How To Get Mats Out Of A Cat’s Fur

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Cats are known for their dedication to grooming themselves, spending up to half of their waking hours doing so. You will have seen your cat cleaning themselves all over, from paws to tail.

Often, cats will contort themselves into peculiar positions so that no part is left untouched. In line with their independent nature, most of the time cats do not need our help when it comes to grooming. It is something they will happily take care of by themselves.

But perhaps recently, you’ve been stroking your cat and come across some mats in their fur. Why have these formed and how can you get rid of them? Read on to find out more.

What Are Mats And What Causes Them To Form?

Mats form when a cat’s fur becomes tangled up and knotted together.

Before we discuss how to get rid of mats, let’s first go over what they are and why they come about. Mats are the clumps that form when a cat’s fur gets all tangled together. This can happen when hair is shed from the undercoat and then gets caught and trapped within the topcoat.

Fur can also mat in high movement areas where the hairs rub together more, such as under the chest and between the legs. These clumps of fur can range in size. Some are small and feel like knots. Some are so large that they can feel quite firm and dense. Longhaired and medium-haired cats are of course more prone to their fur becoming matted.

Also Read: 23 Interesting Facts About Cat Fur You May Not Have Known

Mats can also indicate an underlying medical condition. For instance, if a cat has dental disease, the pain in their mouth can discourage them from grooming themselves properly. Older cats with arthritis may have difficulty turning and reaching particular areas of their body. Overweight cats will also struggle. Cats who feel generally unwell won’t be able to carry out their usual daily habits, which includes grooming.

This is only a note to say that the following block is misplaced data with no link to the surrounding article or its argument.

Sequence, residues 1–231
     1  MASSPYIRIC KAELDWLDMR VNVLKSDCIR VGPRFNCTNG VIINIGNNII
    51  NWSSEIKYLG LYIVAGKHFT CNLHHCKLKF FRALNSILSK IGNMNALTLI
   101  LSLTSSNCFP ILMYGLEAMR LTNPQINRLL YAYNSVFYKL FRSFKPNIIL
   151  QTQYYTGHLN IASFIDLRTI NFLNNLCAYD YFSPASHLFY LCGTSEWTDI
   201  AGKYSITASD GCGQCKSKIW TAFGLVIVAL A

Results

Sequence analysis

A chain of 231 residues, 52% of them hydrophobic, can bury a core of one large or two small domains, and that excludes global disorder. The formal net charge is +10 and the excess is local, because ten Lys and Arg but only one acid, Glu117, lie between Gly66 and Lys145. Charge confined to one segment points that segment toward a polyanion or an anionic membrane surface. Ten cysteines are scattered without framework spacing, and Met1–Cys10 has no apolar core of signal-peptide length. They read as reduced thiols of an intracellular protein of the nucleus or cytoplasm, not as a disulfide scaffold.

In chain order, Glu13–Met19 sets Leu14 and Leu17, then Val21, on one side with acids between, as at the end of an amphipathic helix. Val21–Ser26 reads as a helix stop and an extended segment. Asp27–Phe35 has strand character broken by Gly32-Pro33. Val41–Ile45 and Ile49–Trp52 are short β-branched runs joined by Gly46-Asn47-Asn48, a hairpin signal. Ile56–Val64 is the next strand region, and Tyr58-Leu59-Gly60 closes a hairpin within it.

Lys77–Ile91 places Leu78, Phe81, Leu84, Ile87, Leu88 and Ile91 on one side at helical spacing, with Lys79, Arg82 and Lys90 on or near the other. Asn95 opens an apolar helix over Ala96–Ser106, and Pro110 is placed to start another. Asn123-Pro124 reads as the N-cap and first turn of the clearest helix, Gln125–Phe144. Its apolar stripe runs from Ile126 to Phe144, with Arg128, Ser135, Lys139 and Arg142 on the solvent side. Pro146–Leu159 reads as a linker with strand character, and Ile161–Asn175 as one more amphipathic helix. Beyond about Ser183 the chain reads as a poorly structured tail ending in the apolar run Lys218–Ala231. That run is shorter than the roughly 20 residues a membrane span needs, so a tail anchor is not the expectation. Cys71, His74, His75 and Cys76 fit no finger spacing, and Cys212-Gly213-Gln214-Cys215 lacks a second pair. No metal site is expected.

If your cat has kept their coat in tip-top condition up until now and you’ve recently noticed mats in their fur, it is worth looking out for other changes in their behavior. If you have any concerns at all that there could be something more going on, get in touch with your veterinarian.

Also Read: The Different Types Of Black And White Cat Coat Patterns

How Can Mats Be Removed?

The success of removing mats at home depends on the size of the mat and whether your cat tolerates your attempts. It’s always best to have another person to help hold your cat so that they don’t wriggle around too much.

1. With A Comb

Small, loose mats can sometimes be untangled with a comb.

You can try teasing out small mats with a comb. Make sure you hold on to the base of the mat closest to the skin and start combing from there. Work your way through the mat slowly with the comb and try not to pull too much. The last thing you want to do is tug at the mat and, in turn, your cat’s skin. As you can imagine, this can cause your cat great discomfort and distress.

Also Read: 11 Best Cat Brushes & Deshedding Tools For Long & Short Haired Cats

2. With Clippers

Large and very tight mats might need to be cut out with electric clippers.

Larger mats are more difficult to deal with. Sometimes, you’ll find that no amount of combing will disentangle them. In these cases, the best option is to remove the clumps of fur entirely.

You can use a pair of electric pet clippers to remove mats. It is important to make sure you position the blade parallel to/flat against the skin. Avoid placing the blade at a 90-degree angle as this could cut your cat’s delicate skin.

For mats that are close to the skin, try to see clearly where the fur and skin meet and start there with the top edge of your clippers. Be gentle in your handling of the mats and move the clippers slowly and carefully in the direction that the fur grows. Patience is key. You should soon feel the mat easing away. Remember not to yank at it too early.

Clippers heat up as you use them, and they can burn your cat’s skin. Check the temperature of the clippers against your hand every so often. If they feel too hot, take a break and allow them to cool off before continuing. This is also a good chance to give your cat a bit of a rest.

Also Read: Why Do Cats Gag At Combs?

3. Not With Scissors!

Can You Shave a Cat

If your cat becomes very matted routinely you might consider a professional trim like a lion cut.